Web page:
Tuesday, February 20, 2024

In June 2012, James E. Holmes, the Colorado graduate student, ordered 1,500 rounds of Lake City ammunition from the website BulkAmmo.com, which had been offering discounts on boxes of the 5.56. He had them delivered to a FedEx shipping center near his home.

The next month, Mr. Holmes stormed into a Century 16 cinema theater in Aurora, wielding an AR-15-style rifle loaded with the ammunition and dressed in an “urban assault vest” sold by an ATK subsidiary. He killed 12 people and wounded 70 in what was the deadliest mass shooting to date with an AR-15-style gun, according to a database maintained by the Violence Project. The tally includes shootings in a public place in which four or more people, not including the attacker, were killed.

Later that year, another gunman armed with an AR-15-style rifle killed 26 pupils, teachers and staff members at Sandy Hook Elementary School in Newtown, Conn. He did not use rounds from Lake City, but the tragedy drove a new push for gun reform — and a reflexive spike in ammunition sales.

In 2014, Lake City’s production reached a record high of nearly two billion rounds. Less than half went to the military, Army data shows. Many of the rest poured onto shelves at big-box retailers, helping drive a $300 million annual increase in sales for ATK, according to earnings statements. Black Friday at Walmart and other stores made preparations for the Thanksgiving holiday one of the busiest and most stressful times at the plant, according to two people familiar with its operations.

When ATK merged with the aerospace company Orbital the following year, ATK’s sporting division was spun off as Vista Outdoor. Led by Mr. DeYoung, Vista received a three-year exclusive contract to sell Lake City’s commercial products.

Firearms were a good business, Mr. DeYoung told investors, but as new customers were drawn to the market by first-person-shooter video games, like Call of Duty, ammunition was where the real money was.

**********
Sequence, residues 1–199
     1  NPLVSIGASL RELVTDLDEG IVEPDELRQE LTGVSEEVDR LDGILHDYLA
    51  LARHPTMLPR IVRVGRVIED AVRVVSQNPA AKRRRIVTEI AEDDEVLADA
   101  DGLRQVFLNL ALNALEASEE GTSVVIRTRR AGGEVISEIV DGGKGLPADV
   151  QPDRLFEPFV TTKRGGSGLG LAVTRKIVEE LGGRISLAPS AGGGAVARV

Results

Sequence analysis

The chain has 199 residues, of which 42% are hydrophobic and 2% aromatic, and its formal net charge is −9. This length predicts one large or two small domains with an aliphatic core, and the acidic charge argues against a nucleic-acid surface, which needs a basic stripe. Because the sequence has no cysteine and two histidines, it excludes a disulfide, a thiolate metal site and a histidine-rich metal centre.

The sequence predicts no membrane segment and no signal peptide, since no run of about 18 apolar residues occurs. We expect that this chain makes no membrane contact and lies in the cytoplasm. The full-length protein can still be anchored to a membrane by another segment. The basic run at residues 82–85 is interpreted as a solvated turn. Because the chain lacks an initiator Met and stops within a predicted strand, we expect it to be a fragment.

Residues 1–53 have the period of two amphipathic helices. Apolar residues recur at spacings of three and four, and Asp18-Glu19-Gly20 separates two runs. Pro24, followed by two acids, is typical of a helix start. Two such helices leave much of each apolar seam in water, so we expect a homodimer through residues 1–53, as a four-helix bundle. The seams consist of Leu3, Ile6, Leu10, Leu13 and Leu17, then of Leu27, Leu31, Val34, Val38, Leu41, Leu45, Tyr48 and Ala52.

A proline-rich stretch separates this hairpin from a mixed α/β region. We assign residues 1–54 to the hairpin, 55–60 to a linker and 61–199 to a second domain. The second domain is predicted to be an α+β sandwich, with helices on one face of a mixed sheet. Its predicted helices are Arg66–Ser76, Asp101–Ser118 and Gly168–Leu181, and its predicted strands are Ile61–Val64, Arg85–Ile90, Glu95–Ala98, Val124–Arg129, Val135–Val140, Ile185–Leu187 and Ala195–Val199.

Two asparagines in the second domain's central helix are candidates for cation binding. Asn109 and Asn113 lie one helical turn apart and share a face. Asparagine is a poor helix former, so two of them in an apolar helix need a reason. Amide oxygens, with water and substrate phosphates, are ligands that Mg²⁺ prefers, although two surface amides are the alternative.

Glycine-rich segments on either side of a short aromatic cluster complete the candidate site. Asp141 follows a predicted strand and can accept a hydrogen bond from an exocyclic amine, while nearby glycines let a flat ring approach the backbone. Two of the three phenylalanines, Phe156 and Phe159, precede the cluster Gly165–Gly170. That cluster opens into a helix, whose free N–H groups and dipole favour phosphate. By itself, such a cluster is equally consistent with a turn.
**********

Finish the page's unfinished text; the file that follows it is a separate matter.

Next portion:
“You go to the shooting range and watch people shoot,” he said, “and they are shooting boxes and boxes and boxes and cases and cases and cases of shells in the ranges.”

Lake City played an important role in those new sales, as demand for its products, once determined by the needs of war, increasingly followed the events driving the nation’s rancorous debate on guns.

Mr. DeYoung did not respond to requests for comment. Vista Outdoor issued a statement attributed to Federal Cartridge, one of its many brands, saying it was proud of its ammunition production. “We are committed to complying with all applicable laws, and strongly condemn any criminal misuse of our products,” the statement said.

In early 2015, the national gun debate brushed against Lake City for the first time as the Bureau of Alcohol, Tobacco, Firearms and Explosives moved to restrict civilian availability of one of the plant’s products, a variety of 5.56 rounds known as “green tips.”

The rounds had been adopted by U.S. forces for their ability to punch through steel helmets and light body armor at long distances, but in 2010 the Army had begun replacing them with a more lethal round that was not available to the general public.

The A.T.F. announced that it was considering limiting the availability of green tips under a law intended to protect law enforcement officers. It sparked a firestorm. The agency received over 80,000 public comments opposing the idea as well as harsh criticism from the gun industry and members of Congress who said it violated the Second Amendment.

The A.T.F. backed down, and, within a year, Lake City green tips were tied to the shooting of five police officers and a deputy sheriff.

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